Two things have hit my radar recently: cancer and New York City’s 2013 year-to-date homicide rate. Of course they’re completely unrelated, but I’m going to comment on both of them. The former rips at me in a very personal way, while the latter is a matter of objective observation. I’ll start with New York City.
According to a Huffington Post piece, NYC has experienced 156 homicides through the end of June of this year. Today is the 188th day of the calendar year. So, if the trend continues for the remainder of the year, NYC can expect about 303 homicides.
Using city population estimates from 2012 of 8,336,697, this will translate to a homicide rate of about 3.63 homicides per 100,000 people. Well done, New York City; WELL DONE!
Now, let’s compare this to my hometown, a thriving metropolis by the name of Wilmington, Delaware: estimated population of 71,292 people.
We’ve had some atrociously high homicide rates over the past several years. In terms of absolute numbers, they’ve routinely produced averages ranging from the high teens to mid-twenties. And in terms of per 100,000 rates, they’ve averaged anywhere from the low twenties to low thirties.
But alas, our homicide numbers are down for 2013 as well. Through the end of June, we’ve experienced six of them. This number does not include this year’s infamous single episode court house shooting that killed three people.
I’m not including these three deaths because one of them was a suicide while the other two were anomalies that would serve no other purpose than to skew the rate. You may read more details here.
Our newly elected mayor is tickled pink over Wilmington’s homicide numbers being down. He seems fond of bellowing throughout the city that he’s the mayor, that he’s a “leader,” and that leaders make decisions.”
I’m not disputing that he’s the mayor; everyone knows it because it was in all of the local newspapers. But not everyone is convinced that he’s a leader. My personal opinion is that he represents mediocrity’s best, but I do wish him the best.
Regardless, my point is that Wilmington, Delaware’s 6-homicides have to be viewed in the proper perspective. And once we do this, it turns out not to be such a great accomplishment in relative terms.
Using the same criteria as above, if Wilmington’s trend continues through the rest of 2013, we can expect about 12 homicides. And reducing them to a per 100,000 population rate, we end up with a homicide rate of about 16.8 per 100,000.
Put another way, NYC’s population is about 117 times larger than ours is. Yet our homicide rate is about 4.5 times higher than NYC’s is. In fact, if the rates were reversed, we’d be looking at between 2 and 3 homicides for the year, while NYC would be staring down the barrel of about 1,400 homicides for the year.
We know why Wilmington has such a problem; The News Journal and an investigative reporter (Cris Barrish) spelled it out in no uncertain terms over the course of a couple of recent investigative pieces. Hopefully the effort won’t be negated by politics as usual.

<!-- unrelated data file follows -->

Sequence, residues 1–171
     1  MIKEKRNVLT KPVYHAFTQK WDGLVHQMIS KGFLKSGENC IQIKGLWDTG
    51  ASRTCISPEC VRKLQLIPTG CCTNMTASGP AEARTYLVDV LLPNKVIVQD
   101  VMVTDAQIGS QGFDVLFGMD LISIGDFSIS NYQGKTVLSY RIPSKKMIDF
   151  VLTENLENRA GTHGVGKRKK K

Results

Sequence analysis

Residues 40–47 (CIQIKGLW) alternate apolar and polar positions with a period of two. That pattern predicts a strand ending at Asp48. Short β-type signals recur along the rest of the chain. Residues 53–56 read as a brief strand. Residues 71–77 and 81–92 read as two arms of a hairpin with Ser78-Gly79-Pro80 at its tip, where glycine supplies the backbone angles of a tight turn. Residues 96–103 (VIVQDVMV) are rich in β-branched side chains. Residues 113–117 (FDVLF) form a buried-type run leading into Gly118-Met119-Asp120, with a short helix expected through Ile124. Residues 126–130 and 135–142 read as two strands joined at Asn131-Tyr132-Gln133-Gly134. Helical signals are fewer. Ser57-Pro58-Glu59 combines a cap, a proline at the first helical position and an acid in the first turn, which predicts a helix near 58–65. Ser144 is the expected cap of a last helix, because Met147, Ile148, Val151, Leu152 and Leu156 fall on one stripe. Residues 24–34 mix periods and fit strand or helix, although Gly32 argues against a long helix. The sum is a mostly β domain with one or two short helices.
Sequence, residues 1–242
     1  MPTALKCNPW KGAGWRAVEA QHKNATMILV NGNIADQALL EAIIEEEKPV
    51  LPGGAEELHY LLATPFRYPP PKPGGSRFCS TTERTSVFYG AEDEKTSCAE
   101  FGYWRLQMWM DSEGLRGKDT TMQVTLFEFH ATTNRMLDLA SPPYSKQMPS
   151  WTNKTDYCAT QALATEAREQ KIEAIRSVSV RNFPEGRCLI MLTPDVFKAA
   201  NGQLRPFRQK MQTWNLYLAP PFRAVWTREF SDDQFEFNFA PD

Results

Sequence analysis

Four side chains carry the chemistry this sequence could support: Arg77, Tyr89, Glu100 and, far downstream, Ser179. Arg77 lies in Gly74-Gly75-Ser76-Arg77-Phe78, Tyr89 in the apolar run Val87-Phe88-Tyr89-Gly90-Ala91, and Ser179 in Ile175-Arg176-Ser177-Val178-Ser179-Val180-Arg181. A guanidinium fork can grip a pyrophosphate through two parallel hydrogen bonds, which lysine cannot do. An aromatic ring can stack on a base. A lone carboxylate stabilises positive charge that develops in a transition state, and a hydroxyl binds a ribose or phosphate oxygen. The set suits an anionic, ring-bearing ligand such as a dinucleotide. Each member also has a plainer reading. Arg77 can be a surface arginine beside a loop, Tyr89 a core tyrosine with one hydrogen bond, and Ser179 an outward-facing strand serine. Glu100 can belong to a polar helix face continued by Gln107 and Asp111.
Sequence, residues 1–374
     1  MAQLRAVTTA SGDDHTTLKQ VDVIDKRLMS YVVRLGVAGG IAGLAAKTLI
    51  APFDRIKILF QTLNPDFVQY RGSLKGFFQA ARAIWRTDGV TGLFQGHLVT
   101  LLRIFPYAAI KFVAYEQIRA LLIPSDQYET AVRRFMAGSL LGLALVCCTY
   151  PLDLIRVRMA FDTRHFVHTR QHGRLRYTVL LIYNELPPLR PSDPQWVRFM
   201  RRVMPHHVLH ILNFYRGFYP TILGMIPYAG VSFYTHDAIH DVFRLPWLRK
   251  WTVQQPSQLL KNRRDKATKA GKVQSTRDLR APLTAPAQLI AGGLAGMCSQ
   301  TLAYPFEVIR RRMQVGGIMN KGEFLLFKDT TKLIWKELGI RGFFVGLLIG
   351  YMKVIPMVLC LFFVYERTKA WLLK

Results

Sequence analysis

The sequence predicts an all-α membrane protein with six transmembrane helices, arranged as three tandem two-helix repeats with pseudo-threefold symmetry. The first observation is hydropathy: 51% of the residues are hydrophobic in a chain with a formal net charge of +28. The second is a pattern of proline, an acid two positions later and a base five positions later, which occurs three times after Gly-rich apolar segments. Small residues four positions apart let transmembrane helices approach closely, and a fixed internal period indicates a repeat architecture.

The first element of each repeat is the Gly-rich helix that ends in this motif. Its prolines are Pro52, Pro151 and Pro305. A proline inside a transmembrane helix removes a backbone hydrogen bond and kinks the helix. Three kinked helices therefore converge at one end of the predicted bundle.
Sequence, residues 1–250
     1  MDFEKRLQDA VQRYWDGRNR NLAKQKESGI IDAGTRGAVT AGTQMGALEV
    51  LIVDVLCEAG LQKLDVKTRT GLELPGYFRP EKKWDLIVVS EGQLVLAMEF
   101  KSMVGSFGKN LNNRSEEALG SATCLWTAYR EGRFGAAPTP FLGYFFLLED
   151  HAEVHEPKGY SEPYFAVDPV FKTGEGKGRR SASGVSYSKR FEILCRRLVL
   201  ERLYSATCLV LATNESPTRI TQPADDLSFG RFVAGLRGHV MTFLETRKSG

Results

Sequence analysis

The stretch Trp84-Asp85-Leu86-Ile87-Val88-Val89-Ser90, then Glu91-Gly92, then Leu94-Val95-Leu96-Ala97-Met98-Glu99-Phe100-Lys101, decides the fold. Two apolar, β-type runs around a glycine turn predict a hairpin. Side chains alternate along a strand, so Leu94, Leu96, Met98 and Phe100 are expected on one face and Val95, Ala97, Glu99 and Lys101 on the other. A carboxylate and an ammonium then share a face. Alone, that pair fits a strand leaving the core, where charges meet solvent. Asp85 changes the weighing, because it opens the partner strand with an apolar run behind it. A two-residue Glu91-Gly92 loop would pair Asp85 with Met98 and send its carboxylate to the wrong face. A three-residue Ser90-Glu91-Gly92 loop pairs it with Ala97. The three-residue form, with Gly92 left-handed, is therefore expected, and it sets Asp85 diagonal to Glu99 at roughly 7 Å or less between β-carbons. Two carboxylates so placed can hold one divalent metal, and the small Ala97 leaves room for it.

Now on to my point about cancer. I’m completely awash in the stuff. Multiple members of my family—both paternal and maternal sides—have died from it. In late 2011, I lost my 60-year-old sister to it, and if his doctor’s prognostic calendar holds true, I’ll lose my 68-year-old brother to it within the next couple of months.
Cancer is pervasive in this country. According to the American Cancer Society’s latest tabulation (2012), based on ALL invasive sites, males have a 44.81% chance (approximately 1 in 2) of developing it and a 23.08% chance (approximately 1 in 4) of dying from it.
It’s a little better for females, but nothing to get complacent about: 38.17% (about 1 in 3) chance of developing it and a 19.39% (about 1 in 5) chance of dying from it.
Of course, these numbers represent the chances of developing and dying from ALL cancers. Each specific strain, however, carries its own chances of developing it and dying as a result.
I cannot speak for all cancer victims. But for those that I’ve helplessly watched die, none of them went out without a fight. And the same held true for my sister and is holding true for my brother.
I’ve heard it said that we cannot know in our youth what we will come to realize later in our lives. I had always assumed, based on natural causes and unforeseen accidents, that as the eldest sibling, I’d be the first to die.
Not so for me. In fact, unless I drop over from a sudden heart attack or get creamed by a semi, etc., I will have been the first-born and the last to die.
And while I have children of my own, all of whom have given me limitless reasons for living and wanting to continue living, it still sucks big time to have watched all my siblings die before me.
It gives me great pause to imagine what it’s like for a parent to watch a beloved child die, or what my maternal grandmother went through as she watched 4 of her 6-children die before she died.
And there is one other saying that I’ve heard used variously by one clueless windbag after another: “Adversity CREATES character.” This is pure low-grade fertilizer.
And in the way my sister battled her cancer to the end, as well as the way my brother is now battling his, both have been living proof that adversity IDENTIFIES character.
I just hope that when it’s my turn, by whatever means I’m to go out, I don’t ruin the tradition.